"Trite Thoughts in a Place of Worship." by Jane Taylor (1783-1824)
THESE courts, how amiable! 't is sweet
To spend the day of rest,
Where minds in pure communion meet
(Though but a stranger guest),
Where Peace and Love their hearts expand
And Friendship's holy flame is fanned.
When clouds of fragrant incense rise
(The prayer of hearts sincere)
When hymns of praise address the skies,
'T is pleasant to be here!
But while my soul the influence feels,
A vision o'er my fancy steals.
I hear the rush of noiseless wings,
A viewless form descry;
The keys of death and hell he brings,
Commissioned from on high:
The walls with solemn airs resound,
And sable banners wave around.
Angel of death!–with pallid shroud
O'er his high stature spread,
He moves amid the unconscious crowd,
With slow and silent tread;
Marks who shall first, and latest fall;
But drops the mantle over all.
May none escape–the chosen few,
That Friendship fain would spare?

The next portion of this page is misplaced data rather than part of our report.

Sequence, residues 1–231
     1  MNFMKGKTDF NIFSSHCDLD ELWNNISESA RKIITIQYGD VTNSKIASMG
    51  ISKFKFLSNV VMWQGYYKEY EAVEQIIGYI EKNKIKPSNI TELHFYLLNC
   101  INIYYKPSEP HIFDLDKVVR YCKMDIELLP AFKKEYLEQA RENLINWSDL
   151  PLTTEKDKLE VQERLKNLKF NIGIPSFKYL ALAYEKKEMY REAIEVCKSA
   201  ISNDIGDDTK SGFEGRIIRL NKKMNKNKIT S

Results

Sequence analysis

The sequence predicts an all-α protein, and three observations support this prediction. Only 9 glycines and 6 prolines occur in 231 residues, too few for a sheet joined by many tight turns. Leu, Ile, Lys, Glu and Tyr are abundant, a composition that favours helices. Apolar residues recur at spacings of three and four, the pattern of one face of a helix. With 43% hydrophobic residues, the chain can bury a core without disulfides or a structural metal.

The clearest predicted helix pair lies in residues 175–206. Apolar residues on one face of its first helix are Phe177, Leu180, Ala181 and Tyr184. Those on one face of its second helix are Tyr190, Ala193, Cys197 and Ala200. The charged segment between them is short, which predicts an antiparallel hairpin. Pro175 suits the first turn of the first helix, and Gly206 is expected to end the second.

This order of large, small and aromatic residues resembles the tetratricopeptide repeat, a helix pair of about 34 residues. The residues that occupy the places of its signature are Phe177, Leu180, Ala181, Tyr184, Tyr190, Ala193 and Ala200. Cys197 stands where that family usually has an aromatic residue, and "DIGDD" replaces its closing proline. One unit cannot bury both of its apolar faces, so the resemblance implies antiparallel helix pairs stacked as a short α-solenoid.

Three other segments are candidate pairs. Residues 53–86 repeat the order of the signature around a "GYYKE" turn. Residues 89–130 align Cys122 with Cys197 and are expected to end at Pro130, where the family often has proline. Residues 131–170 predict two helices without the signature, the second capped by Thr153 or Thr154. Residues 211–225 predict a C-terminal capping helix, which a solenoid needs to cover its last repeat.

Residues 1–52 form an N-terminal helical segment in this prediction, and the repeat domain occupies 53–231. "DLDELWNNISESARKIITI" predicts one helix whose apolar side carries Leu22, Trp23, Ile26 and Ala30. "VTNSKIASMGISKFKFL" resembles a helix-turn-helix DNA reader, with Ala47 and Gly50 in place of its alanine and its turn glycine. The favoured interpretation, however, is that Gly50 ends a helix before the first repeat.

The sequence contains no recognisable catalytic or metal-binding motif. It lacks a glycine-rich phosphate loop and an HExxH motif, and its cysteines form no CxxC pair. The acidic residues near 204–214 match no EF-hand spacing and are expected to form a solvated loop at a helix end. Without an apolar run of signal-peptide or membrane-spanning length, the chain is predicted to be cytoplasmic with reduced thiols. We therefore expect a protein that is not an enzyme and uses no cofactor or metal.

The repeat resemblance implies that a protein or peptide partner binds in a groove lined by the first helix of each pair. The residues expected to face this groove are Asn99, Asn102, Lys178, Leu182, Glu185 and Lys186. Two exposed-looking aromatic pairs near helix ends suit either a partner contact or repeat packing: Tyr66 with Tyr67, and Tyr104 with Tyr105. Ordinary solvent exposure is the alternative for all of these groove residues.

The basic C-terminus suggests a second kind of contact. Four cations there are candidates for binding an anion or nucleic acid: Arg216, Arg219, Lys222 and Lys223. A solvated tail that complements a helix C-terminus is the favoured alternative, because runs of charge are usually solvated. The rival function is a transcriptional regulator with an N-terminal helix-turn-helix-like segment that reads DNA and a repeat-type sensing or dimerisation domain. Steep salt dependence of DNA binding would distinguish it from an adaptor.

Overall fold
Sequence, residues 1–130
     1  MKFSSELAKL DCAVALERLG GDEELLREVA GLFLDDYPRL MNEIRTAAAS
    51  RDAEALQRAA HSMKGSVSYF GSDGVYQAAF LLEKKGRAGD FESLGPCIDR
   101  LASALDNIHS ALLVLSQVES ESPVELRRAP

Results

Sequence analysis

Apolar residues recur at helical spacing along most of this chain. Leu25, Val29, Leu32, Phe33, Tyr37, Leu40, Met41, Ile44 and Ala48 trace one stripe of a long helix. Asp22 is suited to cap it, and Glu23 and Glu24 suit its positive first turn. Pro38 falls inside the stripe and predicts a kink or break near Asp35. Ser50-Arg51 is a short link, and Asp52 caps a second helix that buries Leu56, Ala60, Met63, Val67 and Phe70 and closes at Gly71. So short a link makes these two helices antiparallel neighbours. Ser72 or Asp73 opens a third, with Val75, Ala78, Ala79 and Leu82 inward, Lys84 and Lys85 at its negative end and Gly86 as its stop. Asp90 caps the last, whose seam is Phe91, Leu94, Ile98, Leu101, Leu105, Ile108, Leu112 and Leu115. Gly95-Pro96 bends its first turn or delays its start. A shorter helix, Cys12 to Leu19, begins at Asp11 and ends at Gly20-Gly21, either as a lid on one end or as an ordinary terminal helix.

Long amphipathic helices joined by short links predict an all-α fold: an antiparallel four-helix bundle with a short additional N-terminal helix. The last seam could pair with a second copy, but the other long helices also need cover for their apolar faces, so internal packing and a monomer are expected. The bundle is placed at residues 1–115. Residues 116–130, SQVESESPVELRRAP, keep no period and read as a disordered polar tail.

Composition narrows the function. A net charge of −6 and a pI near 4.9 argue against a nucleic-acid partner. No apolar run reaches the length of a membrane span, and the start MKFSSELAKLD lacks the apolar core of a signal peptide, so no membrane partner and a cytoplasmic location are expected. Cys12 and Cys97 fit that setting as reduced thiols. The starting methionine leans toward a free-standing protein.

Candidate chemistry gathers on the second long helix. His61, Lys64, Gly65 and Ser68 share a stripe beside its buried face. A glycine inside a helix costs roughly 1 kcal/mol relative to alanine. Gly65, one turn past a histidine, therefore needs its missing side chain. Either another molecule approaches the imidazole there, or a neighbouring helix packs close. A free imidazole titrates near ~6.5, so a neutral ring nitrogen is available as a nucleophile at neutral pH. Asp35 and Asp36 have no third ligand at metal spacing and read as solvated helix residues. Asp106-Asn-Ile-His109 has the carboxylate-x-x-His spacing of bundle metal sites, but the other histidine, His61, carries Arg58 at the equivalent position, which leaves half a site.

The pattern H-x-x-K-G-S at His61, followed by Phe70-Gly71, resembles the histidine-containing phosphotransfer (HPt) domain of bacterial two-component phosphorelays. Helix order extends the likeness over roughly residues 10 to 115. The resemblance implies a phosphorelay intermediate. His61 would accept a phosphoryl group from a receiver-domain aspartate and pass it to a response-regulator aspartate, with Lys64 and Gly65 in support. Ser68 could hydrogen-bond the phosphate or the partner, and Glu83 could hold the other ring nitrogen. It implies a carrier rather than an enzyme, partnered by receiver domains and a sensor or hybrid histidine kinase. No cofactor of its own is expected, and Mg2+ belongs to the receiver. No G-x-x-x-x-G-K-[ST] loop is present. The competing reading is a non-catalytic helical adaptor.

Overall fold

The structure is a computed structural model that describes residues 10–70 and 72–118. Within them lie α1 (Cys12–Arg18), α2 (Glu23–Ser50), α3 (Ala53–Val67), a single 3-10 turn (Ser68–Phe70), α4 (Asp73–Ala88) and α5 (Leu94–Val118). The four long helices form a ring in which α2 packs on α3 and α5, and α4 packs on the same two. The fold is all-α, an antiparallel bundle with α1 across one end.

Nay, Death hath oft his favorites too,
And O, his taste is rare!
The crowd he often passes by–
To fix on such his hollow eye.
That head in hoary honors dressed–
A pillar in his place–
That blooming pair whom love has blessed
With such peculiar grace–
These youths and maids–a fair array;
And does he beckon these away?
There is a voice, familiar now,
And soon must this be hushed!
And must that high and thoughtful brow
By death's rude hand be crushed?
Beneath these stones that head shall hide,
With one to slumber at his side.
An age rolls on–in Fancy's eye
I see the distant day;
Strangers these vacant seats supply–
Our fathers, where are they?
The faithful marble does but tell,
They served their generation well.
The vision fades;–but others rise,
Too bright for mortal gaze;–
A vista opens in the skies–
'T is but a moment's blaze,
And straight the wondrous scene departs,
For still the veil is on our hearts.